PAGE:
Then there’s the mineral water grey zone. While mineral waters may be “better” than their distilled cousins, Ireland is baffled by the perceived disconnect between it and our taps. “Most tap waters, especially in a place where the water is well maintained, and this would apply to Hong Kong, is well within WHO guidelines,” he begins. “In theory you can go home, turn on the tap, do a very simple treatment and you could put it in a bottle and sell it as mineral water.” Countless studies have alleged hazardous chemicals transfer into bottled water as a result of temperature changes during transport, and then there’s the garbage derived from shipping and the bottles themselves. “It’s a total and utter scam.”

But isn’t convincing people to drink the water out of the tap contrary to Ireland’s job? He doesn’t think so. “To educate people, you can’t just say, ‘Take it from me,’ especially in an office environment.” And offices account for a great deal of Life Solutions business, as corporations feel they’re expected to make “good” water available to staff. Further to that, the smell and resulting taste gets in the way. The common practice of boiling tap water is misguided; it would actually take two hours at 160 degrees to properly clean it. “Because the disinfectant the WSD uses is chlorine, which is actually a dangerous material, [Hong Kong tap water] smells. A bad smell tells your brain something doesn’t taste good. Poor taste makes one think the water is unsafe or unhealthy. Not true … As provided by the Water Supplies Department, the quality is very good. [But] once it gets into the private building, they don’t have any more responsibility for it.”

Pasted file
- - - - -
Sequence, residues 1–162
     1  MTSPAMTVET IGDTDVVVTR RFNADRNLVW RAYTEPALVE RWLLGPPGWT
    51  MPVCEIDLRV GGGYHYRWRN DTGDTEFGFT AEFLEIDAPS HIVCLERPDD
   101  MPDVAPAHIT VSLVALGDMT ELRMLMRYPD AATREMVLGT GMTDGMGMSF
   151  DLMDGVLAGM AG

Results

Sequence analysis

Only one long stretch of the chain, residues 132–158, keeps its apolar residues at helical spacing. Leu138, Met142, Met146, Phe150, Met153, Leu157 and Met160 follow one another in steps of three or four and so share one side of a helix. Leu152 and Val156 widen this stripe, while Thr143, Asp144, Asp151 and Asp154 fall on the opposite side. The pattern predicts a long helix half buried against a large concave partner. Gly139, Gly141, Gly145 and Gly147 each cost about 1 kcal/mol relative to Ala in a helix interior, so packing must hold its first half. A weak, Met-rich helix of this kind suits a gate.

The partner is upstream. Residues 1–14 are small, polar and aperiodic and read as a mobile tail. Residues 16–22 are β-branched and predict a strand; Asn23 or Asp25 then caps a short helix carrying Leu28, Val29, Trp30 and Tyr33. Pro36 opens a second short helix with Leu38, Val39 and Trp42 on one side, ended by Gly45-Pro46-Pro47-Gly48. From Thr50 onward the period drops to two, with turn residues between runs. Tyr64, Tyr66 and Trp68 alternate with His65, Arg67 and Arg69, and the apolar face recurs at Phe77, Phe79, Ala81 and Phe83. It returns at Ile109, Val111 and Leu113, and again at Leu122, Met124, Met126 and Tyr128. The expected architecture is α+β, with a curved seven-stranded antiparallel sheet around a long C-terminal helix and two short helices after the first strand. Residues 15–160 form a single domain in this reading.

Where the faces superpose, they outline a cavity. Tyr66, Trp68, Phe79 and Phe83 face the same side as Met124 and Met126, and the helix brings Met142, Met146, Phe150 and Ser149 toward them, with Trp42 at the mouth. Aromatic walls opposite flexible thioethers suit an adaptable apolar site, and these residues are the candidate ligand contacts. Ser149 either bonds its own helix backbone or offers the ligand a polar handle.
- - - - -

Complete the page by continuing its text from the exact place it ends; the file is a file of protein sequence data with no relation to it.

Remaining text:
That’s technically true, but Swire Properties for example, enrolled in the WSD’s Quality Water Recognition Scheme for Buildings, a voluntary programme designed to encourage more management companies to meet residential and commercial needs with respect to tap water quality. Swire also takes “active measures to ensure that our water is clean, including inspecting our plumbing systems, cleaning the water tanks and performing regular water sample tests. All of these measures are conducted at timed intervals to meet the operational needs of our different properties,” according to Amie Lai, Swire Properties’ Environmental Affairs Manager.

If that’s still not comforting, Life Solutions remains an option. There’s a distinct cost benefit to an under-counter system, as the annual costs of running a property filtration system versus supplying bottled water is a no-brainer. It’s cheaper, cleaner, and takes up less space.

“Some people are happy to drink tap water and they won’t become our clients. But a lot are not because of the taste. Corporate clients can’t provide their staff with something perceived as acceptable … There are a lot of people out there that want a certain quality, certain guarantees, and they can’t get that from the tap … It’s that extra peace of mind.”